The Guardian | The Pentagon's Pope
The Pentagon's Pope
Monday 27 October 2003
The troubles besetting Donald Rumsfeld, who is still the US secretary of defence, continue to grow. The blundering Pentagon chief was in hot water again last week over a series of church and prayer breakfast speeches made by his deputy under-secretary for intelligence, Lieutenant-General William Boykin. Among other things, Gen Boykin, an evangelical Christian, said that the US "war on terror" was a "spiritual battle" between a Christian nation and Satan and that God picked George Bush to be president.
Talking about a Muslim militant in Somalia who had claimed Allah's protection, Gen Boykin said he knew that would not work because "I knew my god was bigger than his. I knew that my god was a real god and his was an idol." In the ensuing furore, Mr Rumsfeld declined to repudiate Gen Boykin's remarks, let alone sack him. Mr Bush, tackled on the issue by irate Muslim clerics in Bali, was obliged to state that the US was not fighting a war against Islam and that Gen Boykin's views did not reflect his administration's policy. Embarrassing the president in front of foreigners is considered a cardinal sin in Washington. Mr Rumsfeld may yet repent it at leisure.
Troubles rarely arrive singly. The Pentagon was sent to battle stations again after being accused of ignoring a pre-war state department study of Iraq. The study warned that US troops would not be seen as liberators, that serious security problems would ensue and that Iraq's reconstruction needs were being underestimated. Many of the study's predictions have turned out to be only too accurate, unlike the overly optimistic pre-war analysis peddled by Mr Rumsfeld. But he would brook no opposition then, as now. The experienced army chief, Gen Eric Shinseki, was ridiculed for claiming that too few troops were being sent to Iraq. Mr Rumsfeld sacked another dissident, army secretary Thomas White, who has since effectively accused him and his officials of misleading the nation about Iraq and failing to get a grip there. He has minimised the concerns of serving US soldiers and reservists. Little wonder a nervous White House has moved to curb Mr Rumsfeld's powers.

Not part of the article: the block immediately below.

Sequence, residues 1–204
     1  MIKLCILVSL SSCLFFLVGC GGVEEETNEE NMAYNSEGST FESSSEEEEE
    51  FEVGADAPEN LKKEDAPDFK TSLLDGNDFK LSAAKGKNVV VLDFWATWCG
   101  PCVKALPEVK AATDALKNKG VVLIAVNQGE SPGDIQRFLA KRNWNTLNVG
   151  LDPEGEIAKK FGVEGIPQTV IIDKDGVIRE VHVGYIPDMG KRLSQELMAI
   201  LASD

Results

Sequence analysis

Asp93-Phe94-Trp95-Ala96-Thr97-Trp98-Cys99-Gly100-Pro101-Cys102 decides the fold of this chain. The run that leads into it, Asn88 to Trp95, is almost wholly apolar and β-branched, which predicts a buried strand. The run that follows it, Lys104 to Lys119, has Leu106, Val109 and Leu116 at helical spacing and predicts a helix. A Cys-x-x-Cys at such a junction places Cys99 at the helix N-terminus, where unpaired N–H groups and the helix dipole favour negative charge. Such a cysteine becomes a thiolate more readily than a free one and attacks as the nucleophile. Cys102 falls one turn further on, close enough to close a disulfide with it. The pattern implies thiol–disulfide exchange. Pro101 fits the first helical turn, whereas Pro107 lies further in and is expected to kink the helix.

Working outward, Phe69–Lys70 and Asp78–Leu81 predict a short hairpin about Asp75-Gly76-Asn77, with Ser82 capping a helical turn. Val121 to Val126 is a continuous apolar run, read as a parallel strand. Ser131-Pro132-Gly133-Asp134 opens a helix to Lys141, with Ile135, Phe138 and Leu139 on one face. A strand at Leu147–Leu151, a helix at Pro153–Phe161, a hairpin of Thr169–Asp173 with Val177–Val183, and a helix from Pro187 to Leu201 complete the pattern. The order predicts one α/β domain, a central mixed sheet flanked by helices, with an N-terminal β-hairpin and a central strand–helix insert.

A newly leaked Rumsfeld memo suggests the beleaguered defence secretary may be finally coming round to the notion of his own fallibility. He now admits Iraq will be a "long, hard slog" and wonders whether the "war on terror" is being lost. He now suspects, belatedly, that a long-term, non-military strategy is lacking. And he asks his top advisers to suggest what he should do. Given his record of blunders, the answer is obvious.
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